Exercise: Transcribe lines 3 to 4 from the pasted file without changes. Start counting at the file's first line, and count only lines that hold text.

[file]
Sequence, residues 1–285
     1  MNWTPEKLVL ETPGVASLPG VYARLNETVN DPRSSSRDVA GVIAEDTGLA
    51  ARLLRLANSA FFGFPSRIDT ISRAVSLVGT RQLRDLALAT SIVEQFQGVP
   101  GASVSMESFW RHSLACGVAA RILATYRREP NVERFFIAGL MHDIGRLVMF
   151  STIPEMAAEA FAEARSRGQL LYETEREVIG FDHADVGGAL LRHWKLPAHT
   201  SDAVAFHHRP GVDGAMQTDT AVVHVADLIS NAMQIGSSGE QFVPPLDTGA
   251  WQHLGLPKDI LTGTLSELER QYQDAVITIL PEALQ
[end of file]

    51  ARLLRLANSA FFGFPSRIDT ISRAVSLVGT RQLRDLALAT SIVEQFQGVP
   101  GASVSMESFW RHSLACGVAA RILATYRREP NVERFFIAGL MHDIGRLVMF